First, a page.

Hobo Day theme takes zombifying twist in 2011


Every year, Hobo Day has a different theme, for 2011 it will be “Night of the Living Hobos.”

This year’s chief planner, or Grand Pooba, Briana Troskey is looking forward to homecoming week and Hobo Day, which is Nov. 5.

“I’m really excited about Hobo Day,” she said, “Hobo Day is a big deal to me. I love the events throughout the whole week, but the parade is what I get most excited for.”

Though the schedule has yet to be finalized, Troskey is plan­ning a zombie walk and a scary movie night for early in the week. Wednesday will feature the Miss Homely Coming competition. While on Thursday there may be a bonfire though nothing is cer­tain yet.Friday evening will feature Cavorts, a talent show held for the student body at the Performing Arts Center. Hobo Day itself will have the parade starting at 9:30 a.m. and the football game against Southern Illinois, which will kick off at 2 p.m.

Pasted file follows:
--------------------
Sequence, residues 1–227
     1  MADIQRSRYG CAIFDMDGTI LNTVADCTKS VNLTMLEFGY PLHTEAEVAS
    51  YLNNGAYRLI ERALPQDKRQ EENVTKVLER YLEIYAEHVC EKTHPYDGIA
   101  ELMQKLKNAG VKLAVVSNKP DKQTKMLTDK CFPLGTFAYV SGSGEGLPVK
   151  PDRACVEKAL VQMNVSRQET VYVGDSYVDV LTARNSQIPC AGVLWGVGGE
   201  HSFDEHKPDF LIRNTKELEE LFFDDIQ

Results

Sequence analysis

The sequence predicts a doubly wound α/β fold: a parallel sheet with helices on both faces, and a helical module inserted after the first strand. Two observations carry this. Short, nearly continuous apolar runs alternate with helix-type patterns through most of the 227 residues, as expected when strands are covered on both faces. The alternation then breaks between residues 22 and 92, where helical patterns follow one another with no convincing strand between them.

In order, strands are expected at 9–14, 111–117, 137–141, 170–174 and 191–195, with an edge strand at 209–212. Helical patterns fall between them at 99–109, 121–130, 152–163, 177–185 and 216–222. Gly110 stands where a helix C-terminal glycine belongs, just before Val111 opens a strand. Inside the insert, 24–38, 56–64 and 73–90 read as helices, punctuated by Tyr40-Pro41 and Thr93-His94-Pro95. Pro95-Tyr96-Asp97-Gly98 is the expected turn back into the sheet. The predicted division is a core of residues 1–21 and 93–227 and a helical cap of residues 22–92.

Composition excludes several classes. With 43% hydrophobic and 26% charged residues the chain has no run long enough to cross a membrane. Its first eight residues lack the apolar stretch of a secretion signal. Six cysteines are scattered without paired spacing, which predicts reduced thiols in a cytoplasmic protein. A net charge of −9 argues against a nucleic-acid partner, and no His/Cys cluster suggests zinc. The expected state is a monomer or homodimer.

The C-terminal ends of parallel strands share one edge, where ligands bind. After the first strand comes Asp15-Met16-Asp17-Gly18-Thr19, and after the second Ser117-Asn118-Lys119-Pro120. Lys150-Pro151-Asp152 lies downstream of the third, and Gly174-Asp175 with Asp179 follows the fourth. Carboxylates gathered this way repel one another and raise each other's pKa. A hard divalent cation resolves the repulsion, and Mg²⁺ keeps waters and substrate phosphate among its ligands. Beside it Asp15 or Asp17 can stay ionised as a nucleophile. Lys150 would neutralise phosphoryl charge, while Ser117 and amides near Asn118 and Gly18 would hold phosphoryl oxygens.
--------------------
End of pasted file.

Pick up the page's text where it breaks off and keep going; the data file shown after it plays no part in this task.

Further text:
According to Troskey, Hobo Day and the events held during home­coming week are all designed to bring the student body together.

“I just want to see even more stu­dents come out of their shells,” she said, “because Hobo Day is so much fun and its kind of a bond­ing experience for the entire cam­pus.”

Hobo Day began in 1912 when the administration of what was then the South Dakota State Col­lege, determined that the existing tradition, a nightshirt parade, was “undignified” for women to par­ticipate in. Soon after a student by the name of Adam Ducher saved the day, when he suggested the student body dress as hobos and greet the opposing football team as they arrived at the train station. So on Nov. 5, 1912, the South Dakota State College student body was waiting at the train station to greet the opposing football team dressed as hobos, and a new tradi­tion was born.